Recognizing and appropriately treating mental health problems among new immigrants and refugees in primary care poses a challenge because of differences in language and culture and because of specific stressors associated with migration and resettlement. We aimed to identify risk factors and strategies in the approach to mental health assessment and to prevention and treatment of common mental health problems for immigrants in primary care.
We searched and compiled literature on prevalence and risk factors for common mental health problems related to migration, the effect of cultural influences on health and illness, and clinical strategies to improve mental health care for immigrants and refugees. Publications were selected on the basis of relevance, use of recent data and quality in consultation with experts in immigrant and refugee mental health.
The migration trajectory can be divided into three components: premigration, migration and postmigration resettlement. Each phase is associated with specific risks and exposures. The prevalence of specific types of mental health problems is influenced by the nature of the migration experience, in terms of adversity experienced before, during and after resettlement. Specific challenges in migrant mental health include communication difficulties because of language and cultural differences; the effect of cultural shaping of symptoms and illness behaviour on diagnosis, coping and treatment; differences in family structure and process affecting adaptation, acculturation and intergenerational conflict; and aspects of acceptance by the receiving society that affect employment, social status and integration. These issues can be addressed through specific inquiry, the use of trained interpreters and culture brokers, meetings with families, and consultation with community organizations.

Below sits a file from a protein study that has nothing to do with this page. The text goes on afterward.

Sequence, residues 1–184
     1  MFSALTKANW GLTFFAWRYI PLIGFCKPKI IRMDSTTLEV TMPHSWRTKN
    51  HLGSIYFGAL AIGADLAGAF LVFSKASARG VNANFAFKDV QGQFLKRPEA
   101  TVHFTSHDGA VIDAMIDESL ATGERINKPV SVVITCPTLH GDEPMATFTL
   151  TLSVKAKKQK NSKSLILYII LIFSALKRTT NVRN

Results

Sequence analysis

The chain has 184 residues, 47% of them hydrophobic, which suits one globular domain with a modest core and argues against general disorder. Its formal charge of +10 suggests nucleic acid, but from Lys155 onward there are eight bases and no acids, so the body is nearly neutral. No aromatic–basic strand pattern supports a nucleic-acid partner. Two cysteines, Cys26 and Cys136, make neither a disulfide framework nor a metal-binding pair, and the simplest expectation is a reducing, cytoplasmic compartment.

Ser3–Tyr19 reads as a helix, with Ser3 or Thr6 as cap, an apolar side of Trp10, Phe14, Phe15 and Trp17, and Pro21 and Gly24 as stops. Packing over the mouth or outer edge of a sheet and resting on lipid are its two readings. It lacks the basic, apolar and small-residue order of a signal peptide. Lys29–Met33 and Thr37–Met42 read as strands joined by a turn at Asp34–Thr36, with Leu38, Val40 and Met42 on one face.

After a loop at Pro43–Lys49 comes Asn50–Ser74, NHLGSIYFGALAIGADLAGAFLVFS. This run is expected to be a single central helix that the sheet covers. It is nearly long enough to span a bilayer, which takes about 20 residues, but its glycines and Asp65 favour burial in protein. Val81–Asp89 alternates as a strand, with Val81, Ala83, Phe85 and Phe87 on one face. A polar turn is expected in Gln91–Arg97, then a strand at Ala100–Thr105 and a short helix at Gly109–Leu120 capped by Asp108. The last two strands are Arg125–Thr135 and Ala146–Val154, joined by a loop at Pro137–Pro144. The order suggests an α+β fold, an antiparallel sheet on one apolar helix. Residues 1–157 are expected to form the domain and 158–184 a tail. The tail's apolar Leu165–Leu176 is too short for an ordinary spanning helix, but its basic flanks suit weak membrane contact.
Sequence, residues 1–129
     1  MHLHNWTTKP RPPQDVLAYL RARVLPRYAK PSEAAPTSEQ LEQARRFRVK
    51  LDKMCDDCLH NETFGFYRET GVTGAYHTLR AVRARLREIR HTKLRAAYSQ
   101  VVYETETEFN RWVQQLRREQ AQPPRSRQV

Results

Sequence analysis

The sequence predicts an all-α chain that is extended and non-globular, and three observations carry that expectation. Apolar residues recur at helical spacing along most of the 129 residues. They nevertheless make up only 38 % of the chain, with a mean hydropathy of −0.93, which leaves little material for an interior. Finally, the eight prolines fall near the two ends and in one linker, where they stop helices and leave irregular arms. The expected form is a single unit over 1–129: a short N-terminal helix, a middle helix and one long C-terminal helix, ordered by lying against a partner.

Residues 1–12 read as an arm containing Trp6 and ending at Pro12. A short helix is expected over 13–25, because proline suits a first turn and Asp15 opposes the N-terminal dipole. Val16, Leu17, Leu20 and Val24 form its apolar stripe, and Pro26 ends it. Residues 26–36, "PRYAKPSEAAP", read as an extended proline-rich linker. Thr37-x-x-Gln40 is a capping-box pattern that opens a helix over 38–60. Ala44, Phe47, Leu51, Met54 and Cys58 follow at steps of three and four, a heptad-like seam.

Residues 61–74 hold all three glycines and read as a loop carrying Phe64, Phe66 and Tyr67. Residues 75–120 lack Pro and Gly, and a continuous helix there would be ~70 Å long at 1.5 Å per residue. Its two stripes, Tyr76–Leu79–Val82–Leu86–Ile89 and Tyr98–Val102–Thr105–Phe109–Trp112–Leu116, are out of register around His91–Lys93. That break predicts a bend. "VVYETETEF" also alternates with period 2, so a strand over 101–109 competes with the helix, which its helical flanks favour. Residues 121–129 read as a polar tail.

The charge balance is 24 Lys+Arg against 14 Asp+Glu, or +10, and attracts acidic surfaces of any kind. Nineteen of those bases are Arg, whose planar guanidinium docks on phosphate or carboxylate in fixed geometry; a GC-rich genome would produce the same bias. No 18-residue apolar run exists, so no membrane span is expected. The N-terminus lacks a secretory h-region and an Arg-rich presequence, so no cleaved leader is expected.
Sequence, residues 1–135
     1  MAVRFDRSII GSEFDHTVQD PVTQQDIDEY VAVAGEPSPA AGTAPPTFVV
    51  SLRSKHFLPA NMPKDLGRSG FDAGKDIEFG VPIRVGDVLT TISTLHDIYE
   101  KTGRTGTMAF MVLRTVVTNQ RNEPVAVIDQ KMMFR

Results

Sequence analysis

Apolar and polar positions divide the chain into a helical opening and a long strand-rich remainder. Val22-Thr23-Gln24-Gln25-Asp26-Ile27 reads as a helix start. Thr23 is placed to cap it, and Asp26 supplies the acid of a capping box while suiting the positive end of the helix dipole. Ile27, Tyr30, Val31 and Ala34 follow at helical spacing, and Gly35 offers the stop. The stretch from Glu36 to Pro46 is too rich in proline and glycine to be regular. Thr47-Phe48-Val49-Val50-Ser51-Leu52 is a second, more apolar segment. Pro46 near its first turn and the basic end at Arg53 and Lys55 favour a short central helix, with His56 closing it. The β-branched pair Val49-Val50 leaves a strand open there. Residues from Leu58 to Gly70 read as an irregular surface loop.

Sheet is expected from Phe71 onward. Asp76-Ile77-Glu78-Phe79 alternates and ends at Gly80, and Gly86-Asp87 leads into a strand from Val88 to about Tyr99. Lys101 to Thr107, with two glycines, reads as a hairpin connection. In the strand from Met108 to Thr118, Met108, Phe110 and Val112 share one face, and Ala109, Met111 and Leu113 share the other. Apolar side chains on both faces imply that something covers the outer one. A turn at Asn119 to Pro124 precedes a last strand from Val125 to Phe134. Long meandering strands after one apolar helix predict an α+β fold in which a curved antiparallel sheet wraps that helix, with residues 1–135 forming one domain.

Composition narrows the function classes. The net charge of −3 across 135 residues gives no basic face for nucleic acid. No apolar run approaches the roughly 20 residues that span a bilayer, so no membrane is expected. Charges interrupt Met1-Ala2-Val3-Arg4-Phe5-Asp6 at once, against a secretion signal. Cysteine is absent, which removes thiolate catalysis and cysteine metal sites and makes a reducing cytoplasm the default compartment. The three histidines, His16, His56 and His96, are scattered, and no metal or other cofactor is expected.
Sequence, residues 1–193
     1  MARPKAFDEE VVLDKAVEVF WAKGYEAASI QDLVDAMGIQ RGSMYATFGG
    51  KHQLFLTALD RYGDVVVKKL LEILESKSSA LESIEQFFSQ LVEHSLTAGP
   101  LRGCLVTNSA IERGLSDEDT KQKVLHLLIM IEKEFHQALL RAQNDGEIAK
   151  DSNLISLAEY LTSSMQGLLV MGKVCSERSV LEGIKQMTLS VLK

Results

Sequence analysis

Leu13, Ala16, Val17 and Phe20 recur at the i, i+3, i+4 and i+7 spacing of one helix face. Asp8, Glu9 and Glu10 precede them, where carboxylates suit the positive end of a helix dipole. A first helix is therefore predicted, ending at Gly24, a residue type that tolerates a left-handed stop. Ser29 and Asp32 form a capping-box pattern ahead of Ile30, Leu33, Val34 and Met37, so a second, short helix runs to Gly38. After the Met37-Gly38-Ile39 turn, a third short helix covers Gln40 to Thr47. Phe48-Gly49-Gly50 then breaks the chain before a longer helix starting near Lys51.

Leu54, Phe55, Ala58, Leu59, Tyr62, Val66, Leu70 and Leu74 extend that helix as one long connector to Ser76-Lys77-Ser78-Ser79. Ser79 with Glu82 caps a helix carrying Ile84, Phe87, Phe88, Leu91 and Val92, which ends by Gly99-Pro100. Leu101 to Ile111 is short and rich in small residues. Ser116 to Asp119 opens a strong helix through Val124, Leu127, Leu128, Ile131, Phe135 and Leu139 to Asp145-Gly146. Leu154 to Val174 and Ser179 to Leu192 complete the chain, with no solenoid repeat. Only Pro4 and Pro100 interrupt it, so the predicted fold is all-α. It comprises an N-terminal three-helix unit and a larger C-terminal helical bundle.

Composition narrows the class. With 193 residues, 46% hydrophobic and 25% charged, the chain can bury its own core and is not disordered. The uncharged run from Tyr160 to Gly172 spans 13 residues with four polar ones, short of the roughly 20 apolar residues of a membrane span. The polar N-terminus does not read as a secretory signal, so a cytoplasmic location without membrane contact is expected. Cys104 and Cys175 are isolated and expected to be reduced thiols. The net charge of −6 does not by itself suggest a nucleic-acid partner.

Systematic inquiry into patients' migration trajectory and subsequent follow-up on culturally appropriate indicators of social, vocational and family functioning over time will allow clinicians to recognize problems in adaptation and undertake mental health promotion, disease prevention or treatment interventions in a timely way.
This study tested the hypothesis that despite differences in setting, specifically in Padua or Montreal, black psychiatric inpatients will have higher rates of assigned diagnosis of psychosis than their non-black counterparts.
Data on psychotic patients admitted to the psychiatry ward were extracted from records of general hospitals in Padua and Montreal. Logistic regression analyses were conducted separately for each site to determine the relation between being black and receiving a diagnosis of psychosis, while controlling for sex and age.
Most black patients at both sites received a diagnosis of psychosis (76% in Padua and 81% in Montreal). Being black was independently and positively associated with being diagnosed with psychosis compared to patients from other groups.
Black patients admitted to psychiatry, whether in Padua or Montreal, were more likely to be assigned a diagnosis of psychosis than were other patients.